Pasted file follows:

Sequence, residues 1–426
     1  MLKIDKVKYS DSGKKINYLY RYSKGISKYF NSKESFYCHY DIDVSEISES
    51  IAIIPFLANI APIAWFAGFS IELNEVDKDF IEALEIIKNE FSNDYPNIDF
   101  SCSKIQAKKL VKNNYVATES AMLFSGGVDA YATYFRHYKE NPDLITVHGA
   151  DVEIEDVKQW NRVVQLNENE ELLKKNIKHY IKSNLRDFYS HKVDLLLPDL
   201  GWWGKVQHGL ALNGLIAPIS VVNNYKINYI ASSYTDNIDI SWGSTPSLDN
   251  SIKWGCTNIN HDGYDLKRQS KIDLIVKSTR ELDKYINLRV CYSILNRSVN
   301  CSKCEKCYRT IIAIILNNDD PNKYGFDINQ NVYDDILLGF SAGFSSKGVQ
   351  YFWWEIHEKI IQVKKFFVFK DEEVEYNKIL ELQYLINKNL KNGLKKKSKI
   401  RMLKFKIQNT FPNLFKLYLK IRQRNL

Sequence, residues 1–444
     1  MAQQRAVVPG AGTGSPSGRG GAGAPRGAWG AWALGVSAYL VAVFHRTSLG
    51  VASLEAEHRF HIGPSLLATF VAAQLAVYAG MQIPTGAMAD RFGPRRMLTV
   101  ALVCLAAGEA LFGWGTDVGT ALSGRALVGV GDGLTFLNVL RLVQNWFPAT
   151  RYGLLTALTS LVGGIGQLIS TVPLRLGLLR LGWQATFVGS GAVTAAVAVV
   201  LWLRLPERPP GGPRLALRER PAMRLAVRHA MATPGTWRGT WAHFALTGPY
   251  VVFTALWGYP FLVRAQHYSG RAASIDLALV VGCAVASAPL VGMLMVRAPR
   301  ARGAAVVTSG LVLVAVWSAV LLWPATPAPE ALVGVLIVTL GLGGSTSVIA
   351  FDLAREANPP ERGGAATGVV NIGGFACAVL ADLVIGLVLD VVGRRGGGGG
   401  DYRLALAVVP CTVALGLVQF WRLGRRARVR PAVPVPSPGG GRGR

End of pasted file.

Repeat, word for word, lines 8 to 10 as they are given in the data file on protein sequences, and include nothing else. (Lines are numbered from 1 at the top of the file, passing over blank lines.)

   301  CSKCEKCYRT IIAIILNNDD PNKYGFDINQ NVYDDILLGF SAGFSSKGVQ
   351  YFWWEIHEKI IQVKKFFVFK DEEVEYNKIL ELQYLINKNL KNGLKKKSKI
   401  RMLKFKIQNT FPNLFKLYLK IRQRNL